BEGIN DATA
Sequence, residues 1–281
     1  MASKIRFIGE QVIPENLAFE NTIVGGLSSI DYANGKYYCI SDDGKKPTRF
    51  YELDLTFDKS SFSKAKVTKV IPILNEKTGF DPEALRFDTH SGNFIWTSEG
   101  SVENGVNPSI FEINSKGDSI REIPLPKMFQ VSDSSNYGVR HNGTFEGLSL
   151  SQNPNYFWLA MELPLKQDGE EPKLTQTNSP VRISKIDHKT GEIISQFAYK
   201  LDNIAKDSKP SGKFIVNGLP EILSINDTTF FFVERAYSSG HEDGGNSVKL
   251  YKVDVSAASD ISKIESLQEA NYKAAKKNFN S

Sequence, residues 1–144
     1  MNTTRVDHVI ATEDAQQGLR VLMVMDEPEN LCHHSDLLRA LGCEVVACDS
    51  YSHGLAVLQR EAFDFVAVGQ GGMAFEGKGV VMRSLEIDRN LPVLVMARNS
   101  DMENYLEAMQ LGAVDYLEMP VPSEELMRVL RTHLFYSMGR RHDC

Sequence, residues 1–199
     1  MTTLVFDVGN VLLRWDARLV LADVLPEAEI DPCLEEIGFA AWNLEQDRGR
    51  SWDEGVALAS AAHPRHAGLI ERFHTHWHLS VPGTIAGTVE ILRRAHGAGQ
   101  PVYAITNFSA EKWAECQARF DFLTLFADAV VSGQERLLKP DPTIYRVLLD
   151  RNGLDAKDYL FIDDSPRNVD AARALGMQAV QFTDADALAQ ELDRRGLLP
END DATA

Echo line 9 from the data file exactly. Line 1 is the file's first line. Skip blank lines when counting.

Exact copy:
     1  MNTTRVDHVI ATEDAQQGLR VLMVMDEPEN LCHHSDLLRA LGCEVVACDS